US7005388B1 - Method of forming through-the-wafer metal interconnect structures - Google Patents

Method of forming through-the-wafer metal interconnect structures Download PDF

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US7005388B1
US7005388B1 US10728319 US72831903A US7005388B1 US 7005388 B1 US7005388 B1 US 7005388B1 US 10728319 US10728319 US 10728319 US 72831903 A US72831903 A US 72831903A US 7005388 B1 US7005388 B1 US 7005388B1
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metal
formed
wafer
material
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Peter J. Hopper
Vladislav Vashchenko
Peter Johnson
Robert Drury
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National Semiconductor Corp
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National Semiconductor Corp
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    • H01L21/70Manufacture or treatment of devices consisting of a plurality of solid state components formed in or on a common substrate or of parts thereof; Manufacture of integrated circuit devices or of parts thereof
    • H01L21/71Manufacture of specific parts of devices defined in group H01L21/70
    • H01L21/768Applying interconnections to be used for carrying current between separate components within a device comprising conductors and dielectrics
    • H01L21/76898Applying interconnections to be used for carrying current between separate components within a device comprising conductors and dielectrics formed through a semiconductor substrate
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Abstract

A semiconductor die is formed in a process that forms a hole through the wafer prior to the formation of the contacts and the metal-1 layer of an interconnect structure. The through-the-wafer hole is formed by using a wafer with a <110> crystallographic orientation and a wet etch, such as with ethanol (KOH) or tetramethylammonium hydroxide (TMAH).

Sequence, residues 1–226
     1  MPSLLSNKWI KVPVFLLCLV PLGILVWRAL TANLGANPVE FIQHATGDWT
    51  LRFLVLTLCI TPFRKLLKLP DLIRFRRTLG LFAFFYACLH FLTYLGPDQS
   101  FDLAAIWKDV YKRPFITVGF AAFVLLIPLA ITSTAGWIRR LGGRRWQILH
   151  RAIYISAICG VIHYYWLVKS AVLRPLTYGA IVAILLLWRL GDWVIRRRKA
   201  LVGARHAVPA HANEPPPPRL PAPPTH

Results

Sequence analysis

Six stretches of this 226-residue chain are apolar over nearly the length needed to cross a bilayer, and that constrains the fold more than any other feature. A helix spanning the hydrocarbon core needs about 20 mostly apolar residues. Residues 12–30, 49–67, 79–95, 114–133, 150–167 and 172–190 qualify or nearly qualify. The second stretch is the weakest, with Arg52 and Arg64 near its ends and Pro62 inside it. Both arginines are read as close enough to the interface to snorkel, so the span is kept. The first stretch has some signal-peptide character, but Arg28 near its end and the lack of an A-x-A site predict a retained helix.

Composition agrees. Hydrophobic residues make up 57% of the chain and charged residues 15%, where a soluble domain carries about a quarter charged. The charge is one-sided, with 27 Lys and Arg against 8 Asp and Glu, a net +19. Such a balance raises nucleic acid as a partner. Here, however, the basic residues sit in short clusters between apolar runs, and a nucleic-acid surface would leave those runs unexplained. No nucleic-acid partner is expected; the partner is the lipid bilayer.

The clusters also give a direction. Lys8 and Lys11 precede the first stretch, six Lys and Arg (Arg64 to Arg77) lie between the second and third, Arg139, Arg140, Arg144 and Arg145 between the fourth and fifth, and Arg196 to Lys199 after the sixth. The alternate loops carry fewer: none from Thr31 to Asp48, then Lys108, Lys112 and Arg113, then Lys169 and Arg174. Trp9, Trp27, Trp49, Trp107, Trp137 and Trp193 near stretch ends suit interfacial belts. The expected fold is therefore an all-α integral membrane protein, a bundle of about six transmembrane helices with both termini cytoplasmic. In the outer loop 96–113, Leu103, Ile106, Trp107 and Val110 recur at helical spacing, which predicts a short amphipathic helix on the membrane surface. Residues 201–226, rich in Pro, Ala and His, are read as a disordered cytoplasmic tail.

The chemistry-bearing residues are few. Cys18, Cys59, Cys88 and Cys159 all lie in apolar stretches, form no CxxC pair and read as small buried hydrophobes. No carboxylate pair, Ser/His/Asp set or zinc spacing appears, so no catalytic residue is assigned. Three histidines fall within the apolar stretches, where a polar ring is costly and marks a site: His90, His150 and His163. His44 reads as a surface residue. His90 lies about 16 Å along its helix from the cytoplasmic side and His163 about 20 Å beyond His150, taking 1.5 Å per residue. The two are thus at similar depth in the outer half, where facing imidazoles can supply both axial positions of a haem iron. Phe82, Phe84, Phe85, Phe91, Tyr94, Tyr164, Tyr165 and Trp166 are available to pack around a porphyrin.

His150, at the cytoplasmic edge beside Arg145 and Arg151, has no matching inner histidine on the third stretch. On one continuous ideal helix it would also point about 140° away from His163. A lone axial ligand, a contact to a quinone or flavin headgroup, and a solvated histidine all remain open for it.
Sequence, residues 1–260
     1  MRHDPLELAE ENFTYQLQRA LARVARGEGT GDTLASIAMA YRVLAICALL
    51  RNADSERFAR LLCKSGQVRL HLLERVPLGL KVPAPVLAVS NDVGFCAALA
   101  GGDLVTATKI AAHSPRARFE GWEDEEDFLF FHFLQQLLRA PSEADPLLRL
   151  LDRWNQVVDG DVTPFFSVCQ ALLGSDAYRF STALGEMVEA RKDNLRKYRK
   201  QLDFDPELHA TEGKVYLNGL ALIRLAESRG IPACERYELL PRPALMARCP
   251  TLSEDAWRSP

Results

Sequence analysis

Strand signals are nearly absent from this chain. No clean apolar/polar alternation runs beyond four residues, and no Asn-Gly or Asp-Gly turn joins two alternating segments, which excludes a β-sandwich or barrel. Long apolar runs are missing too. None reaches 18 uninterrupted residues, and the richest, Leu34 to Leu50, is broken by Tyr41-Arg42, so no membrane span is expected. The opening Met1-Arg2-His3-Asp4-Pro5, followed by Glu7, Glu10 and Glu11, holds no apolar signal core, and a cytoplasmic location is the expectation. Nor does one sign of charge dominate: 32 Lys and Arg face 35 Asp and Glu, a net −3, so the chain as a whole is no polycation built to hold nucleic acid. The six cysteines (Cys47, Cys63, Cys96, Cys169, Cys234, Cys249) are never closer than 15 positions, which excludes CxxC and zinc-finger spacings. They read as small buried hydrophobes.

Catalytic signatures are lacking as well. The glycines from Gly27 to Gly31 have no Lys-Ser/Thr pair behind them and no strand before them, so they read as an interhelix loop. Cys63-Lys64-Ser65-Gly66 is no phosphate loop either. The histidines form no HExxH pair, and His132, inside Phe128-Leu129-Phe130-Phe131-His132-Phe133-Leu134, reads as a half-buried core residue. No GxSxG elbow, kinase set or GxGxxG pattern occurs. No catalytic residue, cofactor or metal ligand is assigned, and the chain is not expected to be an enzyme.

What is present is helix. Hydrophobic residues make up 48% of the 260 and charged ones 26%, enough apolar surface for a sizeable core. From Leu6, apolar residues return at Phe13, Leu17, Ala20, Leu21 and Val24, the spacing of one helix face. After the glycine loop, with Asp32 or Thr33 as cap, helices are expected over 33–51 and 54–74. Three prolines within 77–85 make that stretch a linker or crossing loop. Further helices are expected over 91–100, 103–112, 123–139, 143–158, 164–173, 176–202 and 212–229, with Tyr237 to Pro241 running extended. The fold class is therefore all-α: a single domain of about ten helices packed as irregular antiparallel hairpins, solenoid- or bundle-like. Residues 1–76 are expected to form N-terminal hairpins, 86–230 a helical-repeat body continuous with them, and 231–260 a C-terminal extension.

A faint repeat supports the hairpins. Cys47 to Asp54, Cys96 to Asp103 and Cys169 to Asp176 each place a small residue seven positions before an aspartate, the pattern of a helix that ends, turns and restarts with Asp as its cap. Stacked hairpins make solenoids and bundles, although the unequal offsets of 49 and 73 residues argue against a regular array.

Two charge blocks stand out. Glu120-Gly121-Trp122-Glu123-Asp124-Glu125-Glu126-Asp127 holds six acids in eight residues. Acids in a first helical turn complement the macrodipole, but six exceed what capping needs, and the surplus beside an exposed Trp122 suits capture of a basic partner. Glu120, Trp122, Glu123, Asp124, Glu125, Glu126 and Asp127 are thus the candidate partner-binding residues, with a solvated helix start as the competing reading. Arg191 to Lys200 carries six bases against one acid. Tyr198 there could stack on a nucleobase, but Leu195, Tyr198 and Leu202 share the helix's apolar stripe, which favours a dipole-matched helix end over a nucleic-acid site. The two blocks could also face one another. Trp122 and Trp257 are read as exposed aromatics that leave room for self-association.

Description

BACKGROUND OF THE INVENTION

1. Field of the Invention

The present invention relates to interconnect structures and, more particularly, to a method of forming a through-the-wafer metal interconnect structure.

2. Description of the Related Art

An integrated circuit or chip that includes through-the-wafer metal interconnect structures can be used, for example, to electrically connect a number of integrated circuits or chips that are vertically stacked on top of each other to form a device with a substantially smaller footprint. In addition, through-the-wafer metal interconnect structures can also improve the pad layout density, and even provide backside integration opportunities.

One method of forming a through-the-wafer metal interconnect structure is to first form a trench in the wafer. Once the trench has been formed, a barrier layer and a copper seed layer are subsequently formed in the trench. After the copper seed layer has been formed, a conductive metal layer is electroplated over the seed layer to fill up the trench.

The conductive metal layer, the seed layer, and the barrier layer are then planarized to remove the barrier layer from the surface of the wafer. The planarization step forms a conductive plug that lies in the trench and extends into the wafer. After the remainder of the integrated circuits have been formed on the wafer, the bottom surface of the wafer is planarized or ground down until the bottom surface of the conductive plug is exposed.

FIG. 1 shows a cross-sectional view that illustrates a prior-art, trench-based, through-the-wafer structure 100 prior to the planarizing or grinding step that exposes the bottom side of the conductive plug. As shown in FIG. 1, structure 100 includes a wafer 110, and a trench 112 that is formed in wafer 110.

In addition, as further shown in FIG. 1, structure 100 includes a barrier layer 114 that is formed on wafer 100 to line trench 112, and a copper seed layer 116 that is formed on barrier layer 114. Further, structure 100 includes a copper plug 118 that is electroplated on seed layer 116 to fill up trench 112.

One drawback to a trench-based, through-the-wafer structure is that it is difficult to form barrier layer 114 and copper seed layer 116 with adequate step coverage when the aspect ratio exceeds approximately 4:1, i.e., the depth of the trench is more than four times the width of the trench.

As further shown in FIG. 1, as the depth of trench 112, and thereby the aspect ratio, increases, the thicknesses of barrier layer 114 and copper seed layer 116 decrease. Thus, the quality of the step coverage over trench 112 decreases as the depth of trench 112 increases.